By Danielle Herman
Following a late-summer lawsuit, it’s business as usual for food-truck operators in Carolina Beach, which recently amended a controversial ordinance to welcome the vendors. Meanwhile Surf City, another coastal town about 45 miles up the coast in Pender and Onslow counties, is still wrestling with regulations for the industry.
Three Wilmington area food-truck vendors filed a lawsuit against Carolina Beach in August after the town passed a provision banning trucks not affiliated with local brick-and-mortar restaurants. A week later, the New Hanover County town with about 6,300 residents removed the provision. Vendors dropped the suit after the town officially amended the ordinance in October.
“[The food-truck owners] are very happy with this development,” says Justin Pearson, a senior attorney at Arlington, Va.-based Institute for Justice, a nonprofit, public-interest law firm that represented the truck owners. “The biggest issue for them is they wanted to be able to accept invitations from certain businesses in Carolina Beach that wanted to invite them onto their property.”
The institute represented Harley Bruce of Poor Piggy’s BBQ & Catering Truck; Aaron and Monica Cannon of A&M’s Red Food Truck; and Michelle Rock of Momma Rocks Desserts and T’Geaux Boys. The lawsuit argued Carolina Beach’s provision violated three parts of the state constitution, including the guaranteed right for citizens to earn a living provided there is a reasonable concern for public health and safety.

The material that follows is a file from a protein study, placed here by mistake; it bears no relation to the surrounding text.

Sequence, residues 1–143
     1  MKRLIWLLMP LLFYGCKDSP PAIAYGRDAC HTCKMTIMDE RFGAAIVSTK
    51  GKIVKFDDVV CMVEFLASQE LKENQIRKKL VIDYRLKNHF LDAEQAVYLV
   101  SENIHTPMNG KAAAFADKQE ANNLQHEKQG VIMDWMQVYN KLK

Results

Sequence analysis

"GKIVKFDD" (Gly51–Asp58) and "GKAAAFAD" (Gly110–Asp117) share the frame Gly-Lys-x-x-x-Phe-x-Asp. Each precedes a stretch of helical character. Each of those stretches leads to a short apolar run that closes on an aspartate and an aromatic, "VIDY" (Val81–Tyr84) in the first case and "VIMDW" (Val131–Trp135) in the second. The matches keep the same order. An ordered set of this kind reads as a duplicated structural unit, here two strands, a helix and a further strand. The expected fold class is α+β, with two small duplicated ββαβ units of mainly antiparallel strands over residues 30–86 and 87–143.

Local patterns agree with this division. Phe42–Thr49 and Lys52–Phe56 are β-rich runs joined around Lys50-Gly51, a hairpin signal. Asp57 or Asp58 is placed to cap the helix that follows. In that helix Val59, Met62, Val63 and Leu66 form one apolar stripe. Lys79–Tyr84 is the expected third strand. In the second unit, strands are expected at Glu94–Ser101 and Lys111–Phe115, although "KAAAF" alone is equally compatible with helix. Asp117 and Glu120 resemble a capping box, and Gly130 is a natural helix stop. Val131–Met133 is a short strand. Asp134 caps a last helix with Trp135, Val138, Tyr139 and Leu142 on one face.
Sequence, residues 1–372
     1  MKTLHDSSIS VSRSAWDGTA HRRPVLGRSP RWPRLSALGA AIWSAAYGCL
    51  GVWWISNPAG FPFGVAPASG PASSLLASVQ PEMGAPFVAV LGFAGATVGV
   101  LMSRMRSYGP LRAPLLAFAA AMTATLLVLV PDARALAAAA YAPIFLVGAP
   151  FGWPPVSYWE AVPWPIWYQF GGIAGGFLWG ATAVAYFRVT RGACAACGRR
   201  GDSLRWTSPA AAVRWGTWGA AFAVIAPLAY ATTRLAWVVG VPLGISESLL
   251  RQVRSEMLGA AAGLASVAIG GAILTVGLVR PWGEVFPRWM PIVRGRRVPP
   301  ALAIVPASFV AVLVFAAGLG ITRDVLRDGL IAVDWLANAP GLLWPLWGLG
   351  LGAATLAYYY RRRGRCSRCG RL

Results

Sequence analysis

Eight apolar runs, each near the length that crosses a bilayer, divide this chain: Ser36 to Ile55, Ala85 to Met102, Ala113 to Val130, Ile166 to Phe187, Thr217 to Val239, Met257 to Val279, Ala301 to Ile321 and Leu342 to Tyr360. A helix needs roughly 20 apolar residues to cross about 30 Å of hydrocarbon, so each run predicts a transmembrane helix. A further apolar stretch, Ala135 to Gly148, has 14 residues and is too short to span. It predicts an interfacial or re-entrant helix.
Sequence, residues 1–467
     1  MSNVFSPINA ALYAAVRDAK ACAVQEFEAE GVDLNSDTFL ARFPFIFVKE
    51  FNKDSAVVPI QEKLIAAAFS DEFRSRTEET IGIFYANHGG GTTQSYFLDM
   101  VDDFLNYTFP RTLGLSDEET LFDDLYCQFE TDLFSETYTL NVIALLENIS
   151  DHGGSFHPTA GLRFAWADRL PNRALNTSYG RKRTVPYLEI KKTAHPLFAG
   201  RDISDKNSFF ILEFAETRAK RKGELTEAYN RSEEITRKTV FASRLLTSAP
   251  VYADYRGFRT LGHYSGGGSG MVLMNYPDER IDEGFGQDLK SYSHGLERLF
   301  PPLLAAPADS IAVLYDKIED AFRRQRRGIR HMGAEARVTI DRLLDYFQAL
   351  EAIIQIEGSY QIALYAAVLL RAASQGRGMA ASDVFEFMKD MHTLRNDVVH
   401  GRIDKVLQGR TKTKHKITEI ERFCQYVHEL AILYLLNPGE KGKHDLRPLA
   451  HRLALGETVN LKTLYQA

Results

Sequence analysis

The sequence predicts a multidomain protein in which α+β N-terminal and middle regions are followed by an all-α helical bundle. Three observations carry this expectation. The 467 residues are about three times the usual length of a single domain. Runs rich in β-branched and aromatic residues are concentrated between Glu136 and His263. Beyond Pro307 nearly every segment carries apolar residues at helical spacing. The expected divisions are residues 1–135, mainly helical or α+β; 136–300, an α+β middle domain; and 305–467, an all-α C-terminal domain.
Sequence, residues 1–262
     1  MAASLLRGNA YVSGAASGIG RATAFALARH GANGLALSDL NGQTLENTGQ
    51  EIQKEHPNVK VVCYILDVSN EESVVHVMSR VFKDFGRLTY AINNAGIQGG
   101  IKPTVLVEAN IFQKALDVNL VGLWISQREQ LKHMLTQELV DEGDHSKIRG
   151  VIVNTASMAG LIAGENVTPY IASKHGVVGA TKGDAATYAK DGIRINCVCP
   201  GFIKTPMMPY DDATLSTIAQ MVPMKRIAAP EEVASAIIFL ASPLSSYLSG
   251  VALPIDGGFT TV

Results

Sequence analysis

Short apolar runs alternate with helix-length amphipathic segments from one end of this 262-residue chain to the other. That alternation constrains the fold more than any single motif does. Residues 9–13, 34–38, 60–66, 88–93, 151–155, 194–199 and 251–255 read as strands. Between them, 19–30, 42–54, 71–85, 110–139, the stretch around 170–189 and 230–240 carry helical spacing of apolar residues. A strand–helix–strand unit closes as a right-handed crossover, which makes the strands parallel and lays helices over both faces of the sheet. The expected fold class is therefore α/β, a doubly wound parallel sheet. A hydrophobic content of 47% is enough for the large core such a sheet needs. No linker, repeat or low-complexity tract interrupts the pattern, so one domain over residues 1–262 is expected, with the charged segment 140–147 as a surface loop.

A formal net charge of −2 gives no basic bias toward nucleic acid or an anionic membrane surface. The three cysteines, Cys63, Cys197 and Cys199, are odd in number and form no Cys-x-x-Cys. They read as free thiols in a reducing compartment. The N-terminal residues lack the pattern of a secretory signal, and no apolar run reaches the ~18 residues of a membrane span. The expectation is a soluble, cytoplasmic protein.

Mayor Joe Benson says the town never intended to defy the constitution and that dropping the brick-and-mortar requirement was a necessary change. “Anecdotally, the locals embraced the change because, in essence, most people want more options,” he says.
Not all coastal towns support the trucks’ position. Surf City, with a population of about 1,850, is evaluating its ordinance regarding peddlers, which does not specifically address food trucks. In October, several restaurant owners argued food trucks should be more heavily regulated because they take away business. Surf City’s town attorney, Charles Lanier, is reviewing legal restrictions.
The descent of North Carolina’s once-powerful tobacco industry is evident in Farmville, where Pyxus International said it would lay off about 565 workers at a leaf-processing plant. Production will move to Wilson, where the company has a newer facility that prepares tobacco leaf for sale to manufacturers of cigarettes and other products. A small contingent of Pyxus workers will remain in Farmville working on special projects and storage, the company said.
Most of the Farmville jobs are seasonal. But tobacco’s history in Farmville — a town of 4,500 about 8 miles east of Greenville — makes the downsizing particularly poignant. Albert Coy Monk started brokering tobacco in Farmville in 1907, creating one of the world’s largest processors. The business went public in 1992, merged with Danville, Va.-based Dibrell Brothers to become Dimon in 1995, later changed its name to Alliance One International and moved its headquarters to Morrisville.
Earlier this year, the company rebranded as Pyxus. It has attracted buzz by expanding into hemp and cannabis, though declining tobacco use still takes its toll. In its most recent quarterly report, Pyxus said it lost $54.6 million compared with net profit of $1 million a year earlier.
— David Mildenberg